Health and Human Services Secretary Alex Azar said on Wednesday morning that the Trump administration may use the Defense Production Act (DPA) to ensure that the government can acquire enough vaccine doses to help stem the tide of the coronavirus pandemic in the U.S.
Azar, discussing the U.S. government's efforts to widely distribute a coronavirus vaccine, said that the U.S. was interested in buying 500 million additional doses of the Pfizer coronavirus vaccine and that the government was waiting for the company to commit to a certain delivery date on those doses.
"We will use the Defense Production Act and any authorities and powers we need to ensure the American people get what they want and need," Azar said Wednesday in a "CBS This Morning" interview.
The DPA is a Korean War-era statute that allows the president to require companies to manufacture certain products to deal with a crisis, in order to "promote the national defense." President Trump invoked the DPA earlier this year as the U.S. was concerned about a shortage of ventilators for critically ill coronavirus patients.
The comments Wednesday come after the White House accused Pfizer of "negotiating in public" over the allocation of a coronavirus vaccine and trying to embarrass the U.S. government in an effort to gain market share over its vaccine competitors.
In October, after initial data that the Pfizer vaccine had shown efficacy, the U.S. government went back to the drugmaker to lock in 100 million doses from its option of 500 million. But officials said Pfizer then would not commit to a timeline for delivery of the additional doses. Officials said it wasn’t until last weekend that Pfizer gave the government a timeline, which they said was for some time in the second quarter of 2021.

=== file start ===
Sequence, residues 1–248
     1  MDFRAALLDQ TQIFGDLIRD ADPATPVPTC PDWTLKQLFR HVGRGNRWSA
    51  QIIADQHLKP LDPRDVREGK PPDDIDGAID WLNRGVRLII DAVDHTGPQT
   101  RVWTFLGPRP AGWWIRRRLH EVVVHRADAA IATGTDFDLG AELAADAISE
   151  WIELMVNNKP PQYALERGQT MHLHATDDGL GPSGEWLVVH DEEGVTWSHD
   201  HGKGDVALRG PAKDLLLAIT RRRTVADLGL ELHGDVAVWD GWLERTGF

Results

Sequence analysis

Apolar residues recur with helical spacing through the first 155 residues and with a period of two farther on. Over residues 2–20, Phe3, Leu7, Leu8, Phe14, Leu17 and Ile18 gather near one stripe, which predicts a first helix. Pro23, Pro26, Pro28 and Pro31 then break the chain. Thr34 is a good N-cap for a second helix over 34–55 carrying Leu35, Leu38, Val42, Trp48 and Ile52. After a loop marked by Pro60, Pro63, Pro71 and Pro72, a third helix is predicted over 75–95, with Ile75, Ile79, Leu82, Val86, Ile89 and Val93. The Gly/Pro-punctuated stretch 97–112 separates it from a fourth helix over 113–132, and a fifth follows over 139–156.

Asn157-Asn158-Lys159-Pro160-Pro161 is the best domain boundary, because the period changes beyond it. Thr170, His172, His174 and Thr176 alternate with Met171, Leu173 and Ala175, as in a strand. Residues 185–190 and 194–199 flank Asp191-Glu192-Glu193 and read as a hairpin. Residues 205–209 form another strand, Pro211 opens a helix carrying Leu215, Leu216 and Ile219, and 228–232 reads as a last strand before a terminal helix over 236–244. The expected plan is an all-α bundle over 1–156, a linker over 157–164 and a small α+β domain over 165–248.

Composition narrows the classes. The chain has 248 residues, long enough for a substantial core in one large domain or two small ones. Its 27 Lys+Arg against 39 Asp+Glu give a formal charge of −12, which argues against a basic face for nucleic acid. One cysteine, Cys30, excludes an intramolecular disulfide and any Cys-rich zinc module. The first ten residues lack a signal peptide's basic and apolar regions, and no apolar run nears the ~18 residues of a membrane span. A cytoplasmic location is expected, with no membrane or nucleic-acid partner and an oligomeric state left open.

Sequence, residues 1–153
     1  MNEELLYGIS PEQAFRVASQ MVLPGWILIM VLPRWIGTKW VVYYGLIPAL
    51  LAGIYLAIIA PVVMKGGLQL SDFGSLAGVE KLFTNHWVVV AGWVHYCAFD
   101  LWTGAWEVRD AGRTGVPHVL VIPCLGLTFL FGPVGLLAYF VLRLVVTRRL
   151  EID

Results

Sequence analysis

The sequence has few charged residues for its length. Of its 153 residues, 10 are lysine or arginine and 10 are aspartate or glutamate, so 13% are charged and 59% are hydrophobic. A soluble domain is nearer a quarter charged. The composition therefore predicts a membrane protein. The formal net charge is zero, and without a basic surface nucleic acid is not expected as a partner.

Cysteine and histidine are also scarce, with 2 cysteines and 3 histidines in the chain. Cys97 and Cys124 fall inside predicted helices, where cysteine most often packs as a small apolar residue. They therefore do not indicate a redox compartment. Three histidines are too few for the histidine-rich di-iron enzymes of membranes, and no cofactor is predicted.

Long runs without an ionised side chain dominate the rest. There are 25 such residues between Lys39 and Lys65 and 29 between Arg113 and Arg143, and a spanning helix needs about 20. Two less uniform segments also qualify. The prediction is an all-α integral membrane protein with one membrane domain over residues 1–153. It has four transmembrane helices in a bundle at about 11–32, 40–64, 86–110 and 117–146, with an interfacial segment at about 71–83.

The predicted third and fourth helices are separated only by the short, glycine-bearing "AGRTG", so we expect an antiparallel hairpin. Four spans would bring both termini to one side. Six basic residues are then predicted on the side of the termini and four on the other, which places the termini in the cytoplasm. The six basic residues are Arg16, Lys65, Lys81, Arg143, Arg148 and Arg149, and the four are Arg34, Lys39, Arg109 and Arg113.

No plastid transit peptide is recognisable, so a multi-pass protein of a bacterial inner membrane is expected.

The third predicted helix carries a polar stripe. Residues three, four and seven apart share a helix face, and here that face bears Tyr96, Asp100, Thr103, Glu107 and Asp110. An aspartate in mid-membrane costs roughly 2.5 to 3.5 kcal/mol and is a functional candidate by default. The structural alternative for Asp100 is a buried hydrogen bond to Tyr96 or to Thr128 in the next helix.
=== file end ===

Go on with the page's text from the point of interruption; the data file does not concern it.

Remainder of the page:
"We are confident of procuring another 100 million doses on the timeline we are aiming for," Health and Human Services official Paul Mango told Fox News, referring to the second quarter of 2021. "If we feel at any point in time that we are being treated unfairly by any vaccine manufacturer in whom we have invested, the President and HHS Secretary will not hesitate to use every lever necessary to make sure the American people are treated equitably."
Also during the Wednesday interview, Azar said that by February, March and April the government should be able to begin vaccinating large segments of the U.S. population. He also defended the Trump administration's coronavirus vaccine plan as "minutely-detailed" in response to criticism from Biden transition member Celine Gounder, who said on CBS this week that the Biden team has not yet seen a "detailed plan."
"It's just not factually accurate," Azar said. "We're collaborating very closely with the Biden transition... This is the U.S. military that's leading this operation with these great powerhouses of the American private sector."
Azar further said that Moderna, AstraZeneca, Johnson & Johnson and others are nearing approval for their vaccines. He added that the U.S. has options in contracts to buy up to 3 billion vaccine doses from several companies, depending on when they are approved as safe.
The first Americans -- the most vulnerable medically and essential health care workers -- are expected to begin getting U.S.- approved vaccinations before Christmas.
Fox News' John Roberts and The Associated Press contributed to this report.